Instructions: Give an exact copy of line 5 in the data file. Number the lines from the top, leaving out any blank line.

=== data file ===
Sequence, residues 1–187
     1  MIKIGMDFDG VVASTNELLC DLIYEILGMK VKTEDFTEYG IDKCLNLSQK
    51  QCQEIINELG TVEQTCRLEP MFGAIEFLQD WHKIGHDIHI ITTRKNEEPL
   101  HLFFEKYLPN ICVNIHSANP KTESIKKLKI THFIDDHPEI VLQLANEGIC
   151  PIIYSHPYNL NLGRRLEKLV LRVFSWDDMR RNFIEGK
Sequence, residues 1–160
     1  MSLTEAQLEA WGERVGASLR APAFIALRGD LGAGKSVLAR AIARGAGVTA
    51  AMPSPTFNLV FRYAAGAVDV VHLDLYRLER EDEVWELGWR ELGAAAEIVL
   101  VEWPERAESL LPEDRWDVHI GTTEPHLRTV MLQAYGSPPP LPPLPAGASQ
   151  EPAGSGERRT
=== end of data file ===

   151  PIIYSHPYNL NLGRRLEKLV LRVFSWDDMR RNFIEGK